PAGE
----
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Time Flies (when you're having fun): Monika Herzig's quartet message at the Jazz Kitchen

Cover of the new CD by the new band, the Time Flies.
On a CD tour with her new quartet Time Flies, keyboardist-composer Monika Herzig stopped by the Jazz Kitchen Friday night. Husband Peter Kienle's guitar provided a glittering revival of the German-born couple's adaptation of jazz-rock fusion, which burst out more than 20 years ago after they moved to the USA and formed an American version of a band called Beeble Brox.

Expressing joy in her new Casio 3000 keyboard, Herzig moved from grand piano to the new instrument in the course of a sparkling first set. The touring version of the band, with only the keyboard-guitar couple continuing, is fully up to demands of the Time Flies' idiomatic variety. The other members are a bass guitarist well-known in central Indiana, Scott Pazera of Lafayette, and a New York drummer of phenomenal versatility and depth of groove, Karina Colis.

The quartet got off to a blistering start with a Herzig original, "Plugged In." The title gives notice that the fusion chops of the Time Flies are in good working order. Kienle's aggressive guitar led the charge on this churning number, and both he and Herzig took
Monika Herzig recently struck a blow for jazz equality with her "Sheroes" project.
characteristic solos.  The pianist is also an adventurous composer, a fact that goes way back in her output on record. "Fly High," written in an uneasy tribute to a daughter's decision to train professionally for the circus, found her moving to the grand piano, and guiding from there a performance that led the ensemble effectively through a rather cumbersome  bridge to glory again in the main material.

A well-knit medley followed, venturing through some effective displays of Kienle's guitar in "Oily Riser" and "Powerlines" on the way to a typically cheerful Herzig ode to spring. Along the way the pianist displayed a couple of new weapons in her arsenal, though that may misrepresent skills so gently deployed: whistling in unison with the guitar, and wordless singing so as to vary the ensemble sound and add emotional warmth.

The set came to an end in a well-coordinated musical rant against the protracted struggles of tax preparation, "Where's My Form?" A lyrical section suggested that relief can be found even from such arduous chores, but at the end it was back to edgy Time Flies business as Herzig finished the piece on her beloved Casio, both mellow and ringing out amid the highly charged ensemble mixture.

Melissa Aldana's 'Visions': Transmuting an art icon into jazz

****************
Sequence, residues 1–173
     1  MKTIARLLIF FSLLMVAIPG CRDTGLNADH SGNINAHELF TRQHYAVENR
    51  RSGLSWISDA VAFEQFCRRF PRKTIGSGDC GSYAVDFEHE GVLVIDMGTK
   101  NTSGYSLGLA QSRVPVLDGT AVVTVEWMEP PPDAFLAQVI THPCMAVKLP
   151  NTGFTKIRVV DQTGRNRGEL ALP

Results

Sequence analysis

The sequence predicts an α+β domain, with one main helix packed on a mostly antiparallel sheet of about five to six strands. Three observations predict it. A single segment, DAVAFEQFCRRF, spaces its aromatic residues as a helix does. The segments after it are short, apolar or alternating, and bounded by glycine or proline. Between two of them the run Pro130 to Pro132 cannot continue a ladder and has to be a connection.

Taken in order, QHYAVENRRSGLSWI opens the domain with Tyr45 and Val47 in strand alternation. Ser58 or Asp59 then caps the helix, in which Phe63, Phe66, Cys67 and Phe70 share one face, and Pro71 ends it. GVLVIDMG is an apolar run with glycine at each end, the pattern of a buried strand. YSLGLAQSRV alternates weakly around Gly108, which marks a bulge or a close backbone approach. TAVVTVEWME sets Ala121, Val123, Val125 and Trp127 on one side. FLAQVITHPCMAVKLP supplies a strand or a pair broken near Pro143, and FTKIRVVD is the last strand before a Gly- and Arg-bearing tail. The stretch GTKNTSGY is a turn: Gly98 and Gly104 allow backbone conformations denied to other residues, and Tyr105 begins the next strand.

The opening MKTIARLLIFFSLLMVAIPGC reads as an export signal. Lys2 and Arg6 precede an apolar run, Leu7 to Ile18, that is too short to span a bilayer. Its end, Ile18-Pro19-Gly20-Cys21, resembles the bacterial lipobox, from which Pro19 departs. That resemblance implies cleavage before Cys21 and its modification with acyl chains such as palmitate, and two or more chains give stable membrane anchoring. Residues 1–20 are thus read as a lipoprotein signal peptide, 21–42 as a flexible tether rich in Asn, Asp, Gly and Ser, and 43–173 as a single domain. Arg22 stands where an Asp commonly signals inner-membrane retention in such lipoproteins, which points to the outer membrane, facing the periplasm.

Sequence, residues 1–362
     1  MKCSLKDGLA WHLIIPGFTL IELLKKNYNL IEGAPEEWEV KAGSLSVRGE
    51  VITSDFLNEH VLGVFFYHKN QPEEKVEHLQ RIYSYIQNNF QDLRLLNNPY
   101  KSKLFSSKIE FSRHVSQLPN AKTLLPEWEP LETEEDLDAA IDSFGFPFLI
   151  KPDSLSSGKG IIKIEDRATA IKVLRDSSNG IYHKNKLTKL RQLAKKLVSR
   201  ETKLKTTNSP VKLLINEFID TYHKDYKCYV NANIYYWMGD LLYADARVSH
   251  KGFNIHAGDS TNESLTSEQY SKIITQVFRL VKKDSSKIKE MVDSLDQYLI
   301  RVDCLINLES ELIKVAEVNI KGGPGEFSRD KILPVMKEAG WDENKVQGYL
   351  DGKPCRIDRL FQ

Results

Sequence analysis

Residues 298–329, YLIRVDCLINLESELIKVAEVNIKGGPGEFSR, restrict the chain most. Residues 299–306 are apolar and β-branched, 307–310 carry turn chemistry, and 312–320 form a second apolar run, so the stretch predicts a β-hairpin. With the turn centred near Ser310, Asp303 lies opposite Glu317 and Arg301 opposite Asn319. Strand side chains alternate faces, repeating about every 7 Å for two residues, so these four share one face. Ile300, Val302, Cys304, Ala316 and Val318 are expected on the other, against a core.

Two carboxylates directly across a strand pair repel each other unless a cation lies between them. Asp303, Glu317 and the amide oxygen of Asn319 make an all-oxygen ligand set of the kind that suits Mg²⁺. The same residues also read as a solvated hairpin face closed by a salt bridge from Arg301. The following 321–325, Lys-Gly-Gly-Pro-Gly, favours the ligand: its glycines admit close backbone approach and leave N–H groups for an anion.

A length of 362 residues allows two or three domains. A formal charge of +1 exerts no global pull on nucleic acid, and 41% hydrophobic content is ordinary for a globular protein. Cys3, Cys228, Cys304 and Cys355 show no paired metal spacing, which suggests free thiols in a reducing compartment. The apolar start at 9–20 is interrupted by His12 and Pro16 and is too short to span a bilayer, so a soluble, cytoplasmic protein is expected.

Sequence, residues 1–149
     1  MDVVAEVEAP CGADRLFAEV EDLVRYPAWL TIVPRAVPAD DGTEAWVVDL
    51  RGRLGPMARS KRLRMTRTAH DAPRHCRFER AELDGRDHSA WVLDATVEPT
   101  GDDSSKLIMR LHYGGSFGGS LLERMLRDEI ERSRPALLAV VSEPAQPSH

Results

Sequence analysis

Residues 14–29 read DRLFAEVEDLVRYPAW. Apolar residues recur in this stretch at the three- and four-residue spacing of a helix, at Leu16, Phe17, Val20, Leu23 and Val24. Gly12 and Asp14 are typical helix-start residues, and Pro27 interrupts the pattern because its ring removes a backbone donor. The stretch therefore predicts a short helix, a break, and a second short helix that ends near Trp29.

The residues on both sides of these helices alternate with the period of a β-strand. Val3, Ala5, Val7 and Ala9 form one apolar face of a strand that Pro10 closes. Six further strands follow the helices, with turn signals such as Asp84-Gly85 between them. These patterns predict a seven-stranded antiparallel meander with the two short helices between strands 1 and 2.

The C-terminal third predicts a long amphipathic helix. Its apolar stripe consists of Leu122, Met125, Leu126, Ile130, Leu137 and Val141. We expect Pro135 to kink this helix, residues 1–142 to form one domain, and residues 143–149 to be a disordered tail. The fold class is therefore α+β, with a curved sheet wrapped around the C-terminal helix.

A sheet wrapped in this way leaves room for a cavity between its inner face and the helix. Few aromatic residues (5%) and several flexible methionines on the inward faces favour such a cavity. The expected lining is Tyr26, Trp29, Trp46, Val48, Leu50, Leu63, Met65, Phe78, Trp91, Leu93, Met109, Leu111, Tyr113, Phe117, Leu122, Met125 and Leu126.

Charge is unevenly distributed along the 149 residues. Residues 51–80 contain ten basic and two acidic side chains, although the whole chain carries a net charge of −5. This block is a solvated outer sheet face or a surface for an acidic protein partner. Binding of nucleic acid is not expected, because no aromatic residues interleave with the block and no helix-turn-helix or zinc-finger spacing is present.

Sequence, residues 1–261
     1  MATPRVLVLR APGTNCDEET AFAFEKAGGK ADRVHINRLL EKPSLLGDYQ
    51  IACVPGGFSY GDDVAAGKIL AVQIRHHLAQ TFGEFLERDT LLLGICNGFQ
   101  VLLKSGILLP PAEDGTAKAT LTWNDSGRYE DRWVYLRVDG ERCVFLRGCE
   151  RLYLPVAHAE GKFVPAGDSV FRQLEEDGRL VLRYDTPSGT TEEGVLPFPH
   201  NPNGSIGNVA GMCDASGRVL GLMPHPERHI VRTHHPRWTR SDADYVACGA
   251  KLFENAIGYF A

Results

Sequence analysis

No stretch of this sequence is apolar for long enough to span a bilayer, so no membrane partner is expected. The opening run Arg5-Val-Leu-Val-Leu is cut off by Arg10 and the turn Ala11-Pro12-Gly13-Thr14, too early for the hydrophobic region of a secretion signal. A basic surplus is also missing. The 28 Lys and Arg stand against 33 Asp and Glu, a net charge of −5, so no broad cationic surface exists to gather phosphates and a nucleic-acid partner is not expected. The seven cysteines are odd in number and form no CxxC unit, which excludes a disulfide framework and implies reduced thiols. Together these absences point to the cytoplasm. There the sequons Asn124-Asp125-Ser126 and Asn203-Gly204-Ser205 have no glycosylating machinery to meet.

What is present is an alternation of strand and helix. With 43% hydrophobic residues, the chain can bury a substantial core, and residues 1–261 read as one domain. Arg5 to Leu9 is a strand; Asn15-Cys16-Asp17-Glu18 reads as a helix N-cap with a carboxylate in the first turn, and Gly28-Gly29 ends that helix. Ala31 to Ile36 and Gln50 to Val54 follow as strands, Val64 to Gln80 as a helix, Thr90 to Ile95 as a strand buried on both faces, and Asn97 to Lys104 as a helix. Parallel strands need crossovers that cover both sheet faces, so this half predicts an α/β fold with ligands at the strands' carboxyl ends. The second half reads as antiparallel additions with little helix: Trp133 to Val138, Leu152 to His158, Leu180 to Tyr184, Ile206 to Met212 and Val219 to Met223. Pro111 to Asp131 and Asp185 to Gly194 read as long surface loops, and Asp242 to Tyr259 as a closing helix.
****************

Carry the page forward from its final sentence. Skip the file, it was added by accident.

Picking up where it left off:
Frida Kahlo has come to stand for more than her tortured life and painfully evolved personal style as a visual artist. The Mexican symbol of individualized feminism in art has lately been taken up by a rising star of the tenor saxophone, the Chilean-born Melissa Aldana.
Melilssa Aldana pays tribute to Frida Kahlo in "Visions."

In "Visions"(Motema) she leads a quartet (expanded to a quintet for all but three of the 11 pieces) to honor Kahlo, whose life and art have generated extensive film, opera, and biographical treatment. A key element of Aldana's approach to this ensemble tribute is that fifth player, vibraphonist Joel Ross, with whom she often plays in unison. (Ross was hailed as the new voice of the vibraphone by Nate Chinen yesterday on NPR's "Morning Edition".) As exemplified by "El Castillo de Velenje," the longest track on "Visions," Ross's tone has a watery shimmer that still avoids blurring his articulation when the tempo is fast. He's clearly motivated in his great solo here by the leader's torrential showcase preceding it.

Aldana plays in an unfettered manner, as if fearful of stasis. Her inventiveness is nonstop, and her sidemen's individuality also gets plenty of elbow room. Yet this doesn't mean that her tone fragments or coarsens. Almost uniquely among tenor saxophonists, she presents the same quality of sound in all registers. Up high, there's an alto-sax persona, with suggestions even of soprano sax at its most ethereal; she is similarly focused when moving into midrange and lower. But her playing maintains continuity of tone, full but not heavy, with no irresolute aspects to her phrasing. Throughout jazz history, we've heard plenty of tenor saxophone, some of it at genius level, designed to exploit a tendency to talk to oneself. Aldana gives us something else.

Rarely does she put forward a breathy quality, an exception being the disc's one standard, "Never Let Me Go," which opens with a solo cadenza. This is an understandable departure from her normally conservatory-perfect sound, probably for the sake of connecting with the tenor ballad tradition stemming from Coleman Hawkins and running through Ben Webster. Sam Harris' piano solo applies fresh harmonies to the piece and gets inventive about phrasing to help justify the song's inclusion in an otherwise all-original program.

 Harris sometimes yields to a tendency to noodle, as on bassist Pable Menares' soft-spoken, somewhat languid "Perdon," but otherwise he shares with the leader a purposefulness that serves the music well. As for the Kahlo inspiration behind the compositions, the listener must infer it from time time and not expect it to be explicit. I heard the music hinting at the painter's highly charged manipulation of personal symbols in "Elsewhere." That tune maintains a restlessness characterized by lots of rhythmic interplay among the group, driven by Tommy Crane's drums. Here Kahlo's struggles seem to have found original expression in another genre.

"Visions" helps to further Aldana's reputation for outstanding creative drive on an instrument that has long tended to be overrepresented in jazz. Her skill as a bandleader and composer should keep her profile high.






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